• Specific to GCA:
    • Tenderness over the temporal arteries
    • Unilateral headache
    • Amaurosis fugax
    • Jaw claudication

Polyarteritis nodosa (PAN)

  • Mean age at onset: 45–50 years
  • Constitutional symptoms may occur months before vascular symptoms.
    • Fever and night sweats
    • Malaise and fatigue
    • Arthralgias and myalgias
    • Anorexia and weight loss
  • Abdominal pain (due to mesenteric artery vasculitis)
  • Hematuria (due to renal artery vasculitis)
  • Dermatologic manifestations: 
    • Purpura
    • Nodules
    • Ulcerations
    • Livedo reticularis
  • Mononeuritis multiplex (such as foot drop or wrist drop)
  • 30% association with hepatitis B, also with hepatitis C
  • Lungs/pulmonary arteries are not affected in PAN.

Kawasaki disease

  • Occurs in children
  • Presents with fever
  • Bilateral conjunctivitis
  • Mucositis (strawberry tongue)
  • Desquamating rash on hands and feet
  • Cervical lymphadenopathy
  • Potential complication of cardiac disease, including coronary artery aneurysm

Granulomatosis with polyangiitis

  • Mean age at onset: 45–50 years
  • Presents with saddle nose
  • Recurrent sinusitis
  • Epistaxis
  • Hematuria
  • Unexplained hemoptysis should always raise concern for alveolar hemorrhage and AAV.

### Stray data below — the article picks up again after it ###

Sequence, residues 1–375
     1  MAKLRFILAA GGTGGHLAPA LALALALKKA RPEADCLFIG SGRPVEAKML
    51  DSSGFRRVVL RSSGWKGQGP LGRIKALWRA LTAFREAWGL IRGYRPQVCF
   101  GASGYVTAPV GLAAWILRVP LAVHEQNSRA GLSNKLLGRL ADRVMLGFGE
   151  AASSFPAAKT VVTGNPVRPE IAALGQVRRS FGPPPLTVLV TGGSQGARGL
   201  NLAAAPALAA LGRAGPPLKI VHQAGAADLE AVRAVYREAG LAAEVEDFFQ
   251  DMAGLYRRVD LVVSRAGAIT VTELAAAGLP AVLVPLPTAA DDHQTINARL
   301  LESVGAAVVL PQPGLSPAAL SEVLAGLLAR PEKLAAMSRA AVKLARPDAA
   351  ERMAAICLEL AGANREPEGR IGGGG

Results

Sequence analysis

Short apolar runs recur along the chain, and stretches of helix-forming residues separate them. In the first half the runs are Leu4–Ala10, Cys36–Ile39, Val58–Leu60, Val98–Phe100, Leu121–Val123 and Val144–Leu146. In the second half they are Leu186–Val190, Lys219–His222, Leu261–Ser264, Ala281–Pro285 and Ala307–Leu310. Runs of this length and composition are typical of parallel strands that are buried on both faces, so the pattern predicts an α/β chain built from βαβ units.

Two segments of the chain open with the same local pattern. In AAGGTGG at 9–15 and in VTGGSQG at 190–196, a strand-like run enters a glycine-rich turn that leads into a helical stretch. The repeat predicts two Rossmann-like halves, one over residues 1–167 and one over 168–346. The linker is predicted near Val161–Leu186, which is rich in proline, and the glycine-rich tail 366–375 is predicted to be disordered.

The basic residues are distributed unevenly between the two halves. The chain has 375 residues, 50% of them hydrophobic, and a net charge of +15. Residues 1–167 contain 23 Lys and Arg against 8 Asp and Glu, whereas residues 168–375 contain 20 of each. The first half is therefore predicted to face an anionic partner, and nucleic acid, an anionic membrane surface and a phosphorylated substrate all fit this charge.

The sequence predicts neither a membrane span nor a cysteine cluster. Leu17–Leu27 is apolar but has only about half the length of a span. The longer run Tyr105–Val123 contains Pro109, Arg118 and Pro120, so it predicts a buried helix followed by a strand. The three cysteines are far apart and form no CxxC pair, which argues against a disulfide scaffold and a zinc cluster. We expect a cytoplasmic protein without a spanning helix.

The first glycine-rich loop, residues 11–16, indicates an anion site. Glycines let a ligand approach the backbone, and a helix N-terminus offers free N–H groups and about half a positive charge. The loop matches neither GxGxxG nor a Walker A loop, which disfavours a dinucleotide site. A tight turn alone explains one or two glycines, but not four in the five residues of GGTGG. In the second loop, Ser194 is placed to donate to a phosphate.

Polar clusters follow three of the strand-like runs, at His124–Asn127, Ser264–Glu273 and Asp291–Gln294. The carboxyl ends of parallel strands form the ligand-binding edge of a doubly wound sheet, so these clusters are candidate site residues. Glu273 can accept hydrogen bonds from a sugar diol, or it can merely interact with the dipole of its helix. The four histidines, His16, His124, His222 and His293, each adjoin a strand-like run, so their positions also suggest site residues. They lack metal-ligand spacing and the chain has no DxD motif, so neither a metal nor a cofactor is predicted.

• Lab testing: proteinase 3 (PR3)–ANCA-positive
  • Biopsy shows granulomas, pulmonary hemorrhage, pauci-immune glomerulonephritis (GN).

Eosinophilic granulomatosis with polyangiitis

  • Elderly individuals with new-onset asthma
  • Cough, allergic symptoms
  • Can have pericarditis
  • Skin rash/nodules
  • Mononeuritis multiplex
  • Labs show eosinophilia, 50% myeloperoxidase (MPO)–ANCA-positive; chest x-ray abnormal
  • Lung biopsy shows eosinophilic infiltrates, necrosis, and granulomas.

Anti–glomerular basement membrane

  • Constitutional symptoms for a few weeks (malaise, weight loss, fever, or arthralgias)
  • 90% present with clinical features of rapid GN (hematuria, hypertension, edema, proteinuria).
  • 25%–60% of individuals have concomitant alveolar hemorrhage.
  • MPO–ANCA-positive

Cryoglobulinemic vasculitis

  • Presentation related to serum cryoglobulins that precipitate in cold temperatures and dissolve upon rewarming and their deposition
  • Palpable purpura
  • Digit infarction
  • Occasional mononeuritis multiplex or hemoptysis
  • Associated with:
    • Hepatitis C
    • Multiple myeloma
    • Lymphoproliferative disorders
    • Connective tissue diseases
    • Infections
    • Liver disease
  • Positive cryoglobulins, ↓ C3, C4, and rheumatoid factor (RF)–positive
  • Immune complex GN

IgA vasculitis

  • Mean age at onset: 17–26 years
  • IgAV of the skin not the same as Burger IgA nephropathy
  • Rash with palpable purpura; self-limited or treated with steroids
Purpura Vasculitides

A: Diffuse small palpable purpura on the lower extremities
B: Magnified view

Image: “Purpura” by Oshikata C et al. License: CC BY 2.0

Behçet’s disease

  • Recurrent painful oral aphthous ulcers
  • Recurrent painful genital ulcers
  • Skin lesions in 80%
    • Folliculitis
    • Acne-like rash
    • Erythema nodosum 
    • Rarely: purpuric vasculitic rash
  • May also have CNS, GI, ocular, or venous thrombotic manifestations

Cogan syndrome

  • Presents with ocular inflammatory lesions:
    • Interstitial keratitis
    • Uveitis
    • Episcleritis
  • Inner ear disease symptoms
    • Sensorineural hearing loss 
    • Vestibular dysfunction